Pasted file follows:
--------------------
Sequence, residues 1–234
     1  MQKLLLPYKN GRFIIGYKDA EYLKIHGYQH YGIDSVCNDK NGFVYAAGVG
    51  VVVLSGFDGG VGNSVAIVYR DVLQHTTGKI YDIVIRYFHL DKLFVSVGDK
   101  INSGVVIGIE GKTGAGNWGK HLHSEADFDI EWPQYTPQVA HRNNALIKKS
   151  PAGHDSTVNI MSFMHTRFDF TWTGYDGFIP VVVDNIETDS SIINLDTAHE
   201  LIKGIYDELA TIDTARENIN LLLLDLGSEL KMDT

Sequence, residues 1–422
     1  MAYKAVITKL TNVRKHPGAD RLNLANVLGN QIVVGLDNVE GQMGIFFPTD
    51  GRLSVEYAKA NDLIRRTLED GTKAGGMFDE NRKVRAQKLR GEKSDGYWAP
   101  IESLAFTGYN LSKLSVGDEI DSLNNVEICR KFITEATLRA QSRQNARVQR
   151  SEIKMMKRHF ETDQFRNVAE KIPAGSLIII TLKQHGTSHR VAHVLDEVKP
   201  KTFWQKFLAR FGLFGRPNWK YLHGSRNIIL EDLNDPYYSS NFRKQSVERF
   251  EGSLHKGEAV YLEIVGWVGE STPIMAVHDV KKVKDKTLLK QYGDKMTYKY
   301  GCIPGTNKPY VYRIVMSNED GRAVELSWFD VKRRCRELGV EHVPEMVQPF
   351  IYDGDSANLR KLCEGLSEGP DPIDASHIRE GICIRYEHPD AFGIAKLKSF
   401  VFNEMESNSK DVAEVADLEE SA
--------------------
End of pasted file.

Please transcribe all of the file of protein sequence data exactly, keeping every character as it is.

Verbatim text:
Sequence, residues 1–234
     1  MQKLLLPYKN GRFIIGYKDA EYLKIHGYQH YGIDSVCNDK NGFVYAAGVG
    51  VVVLSGFDGG VGNSVAIVYR DVLQHTTGKI YDIVIRYFHL DKLFVSVGDK
   101  INSGVVIGIE GKTGAGNWGK HLHSEADFDI EWPQYTPQVA HRNNALIKKS
   151  PAGHDSTVNI MSFMHTRFDF TWTGYDGFIP VVVDNIETDS SIINLDTAHE
   201  LIKGIYDELA TIDTARENIN LLLLDLGSEL KMDT

Sequence, residues 1–422
     1  MAYKAVITKL TNVRKHPGAD RLNLANVLGN QIVVGLDNVE GQMGIFFPTD
    51  GRLSVEYAKA NDLIRRTLED GTKAGGMFDE NRKVRAQKLR GEKSDGYWAP
   101  IESLAFTGYN LSKLSVGDEI DSLNNVEICR KFITEATLRA QSRQNARVQR
   151  SEIKMMKRHF ETDQFRNVAE KIPAGSLIII TLKQHGTSHR VAHVLDEVKP
   201  KTFWQKFLAR FGLFGRPNWK YLHGSRNIIL EDLNDPYYSS NFRKQSVERF
   251  EGSLHKGEAV YLEIVGWVGE STPIMAVHDV KKVKDKTLLK QYGDKMTYKY
   301  GCIPGTNKPY VYRIVMSNED GRAVELSWFD VKRRCRELGV EHVPEMVQPF
   351  IYDGDSANLR KLCEGLSEGP DPIDASHIRE GICIRYEHPD AFGIAKLKSF
   401  VFNEMESNSK DVAEVADLEE SA